One of the Al-Amariyah witnesses said he watched as Iraqis among the Prime Minister's bodyguards piled the prisoners' bodies into the back of a Nissan utility and drove off. He did not know what became of them. But the other witness said the bodies were buried west of Baghdad, in open desert country near Abu Ghraib.
That would place their burial near the notorious prison, which was used by Saddam Hussein's security forces to torture and kill thousands of Iraqis. Subsequently it was revealed as the setting for the still-unfolding prisoner abuse scandal involving US troops in the aftermath of the fall of Baghdad.
The Herald has established that as many as 30 people, including the victims, may have been in the courtyard. One of the witnesses said there were five or six civilian-clad American security men in a convoy of five or six late model four-wheel-drive vehicles that was shepherding Dr Allawi's entourage on the day. The US military and Dr Allawi's office refused to respond to questions about the composition of his security team. It is understood that the core of his protection unit is drawn from the US Special Forces units.
The security establishment where the killings are said to have happened is on open ground on the border of the Al-Amariyah and Al-Kudra neighbourhoods in Baghdad.
About 90 policemen are stationed at the complex, which processes insurgents and more hardened offenders among those captured in the struggle against a wave of murder, robbery and kidnapping in post-invasion Iraq.
The Interior Ministry denied permission for the Herald to enter the heavily fortified police complex.
The two witnesses were independently and separately found by the Herald. Neither approached the newspaper. They were interviewed on different days in a private home in Baghdad, without being told the other had spoken. A condition of the co-operation of each man was that no personal information would be published.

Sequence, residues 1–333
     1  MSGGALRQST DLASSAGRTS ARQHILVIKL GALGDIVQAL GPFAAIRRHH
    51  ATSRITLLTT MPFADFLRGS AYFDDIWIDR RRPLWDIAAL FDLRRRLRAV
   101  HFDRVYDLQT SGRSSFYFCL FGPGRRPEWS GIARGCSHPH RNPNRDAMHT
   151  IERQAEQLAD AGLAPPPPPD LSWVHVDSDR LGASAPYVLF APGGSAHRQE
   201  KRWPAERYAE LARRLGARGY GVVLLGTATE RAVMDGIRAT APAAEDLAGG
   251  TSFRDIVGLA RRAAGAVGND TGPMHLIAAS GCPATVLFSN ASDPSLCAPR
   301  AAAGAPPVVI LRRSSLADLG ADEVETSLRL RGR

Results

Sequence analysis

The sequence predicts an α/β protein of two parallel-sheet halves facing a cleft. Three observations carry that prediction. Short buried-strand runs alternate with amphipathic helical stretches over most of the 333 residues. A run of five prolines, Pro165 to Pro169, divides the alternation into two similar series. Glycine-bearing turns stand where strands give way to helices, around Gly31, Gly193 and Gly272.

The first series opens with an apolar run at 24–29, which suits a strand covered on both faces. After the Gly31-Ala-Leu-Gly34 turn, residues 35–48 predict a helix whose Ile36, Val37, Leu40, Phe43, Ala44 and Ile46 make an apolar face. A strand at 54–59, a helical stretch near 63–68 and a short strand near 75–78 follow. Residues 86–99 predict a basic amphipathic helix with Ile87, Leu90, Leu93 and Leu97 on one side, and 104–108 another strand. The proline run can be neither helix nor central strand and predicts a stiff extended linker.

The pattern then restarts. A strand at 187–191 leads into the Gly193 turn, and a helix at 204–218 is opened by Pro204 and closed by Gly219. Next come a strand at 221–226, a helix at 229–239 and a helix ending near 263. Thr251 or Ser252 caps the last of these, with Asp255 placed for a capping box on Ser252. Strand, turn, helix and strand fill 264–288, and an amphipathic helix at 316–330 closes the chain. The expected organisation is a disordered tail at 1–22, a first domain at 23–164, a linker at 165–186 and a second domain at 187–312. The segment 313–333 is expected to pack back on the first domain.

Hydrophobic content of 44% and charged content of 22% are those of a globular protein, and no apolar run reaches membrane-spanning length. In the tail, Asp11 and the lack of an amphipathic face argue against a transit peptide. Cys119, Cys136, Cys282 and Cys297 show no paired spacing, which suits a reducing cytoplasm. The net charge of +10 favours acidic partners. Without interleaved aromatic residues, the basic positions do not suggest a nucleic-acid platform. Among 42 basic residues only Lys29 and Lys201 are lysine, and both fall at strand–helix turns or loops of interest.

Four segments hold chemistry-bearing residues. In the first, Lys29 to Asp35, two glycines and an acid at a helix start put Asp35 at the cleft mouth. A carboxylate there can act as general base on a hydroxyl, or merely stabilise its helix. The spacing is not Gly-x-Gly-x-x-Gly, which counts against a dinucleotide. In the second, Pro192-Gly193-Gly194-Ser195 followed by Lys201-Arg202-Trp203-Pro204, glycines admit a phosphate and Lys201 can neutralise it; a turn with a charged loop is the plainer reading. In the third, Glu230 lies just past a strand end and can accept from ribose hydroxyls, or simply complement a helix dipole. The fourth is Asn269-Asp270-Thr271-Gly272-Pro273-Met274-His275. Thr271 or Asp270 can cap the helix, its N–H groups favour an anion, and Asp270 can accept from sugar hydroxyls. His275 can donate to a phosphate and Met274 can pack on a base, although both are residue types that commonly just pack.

Both interviews lasted more than 90 minutes and were conducted through an interpreter, with another journalist present for one of the meetings. The witnesses were not paid for the interviews.
Dr Allawi's office has dismissed the allegations as rumours instigated by enemies of his interim government. In response to a question asking if Dr Allawi carried a gun, the statement said: "[He] does not carry a pistol. He is the Prime Minister of Iraq, not a combatant in need of any weaponry."
Sabah Khadum, a senior adviser to Interior Minister Mr Naqib, whose portfolio covers police matters, also dismissed the accounts. Rejecting them as "ludicrous", Mr Khadum said of Dr Allawi: "He is a doctor and I know him. He was my neighbour in London. He just doesn't have it in him. This is not worth discussing."
Asked if Dr Allawi had visited the Al-Amariyah complex - one of the most important counter-insurgency centres in Baghdad - Mr Khadum said he could not reveal the Prime Minister's movements. But he added: "Dr Allawi has made many visits to police stations ... he is heading the offensive."
US officials in Iraq have not made an outright denial of the allegations. An emailed response to questions from the Herald to the US ambassador, John Negroponte, said: "If we attempted to refute each [rumour], we would have no time for other business. As far as this embassy's press office is concerned, this case is closed."
H.R.H. Nicole Marie
Eve was Framed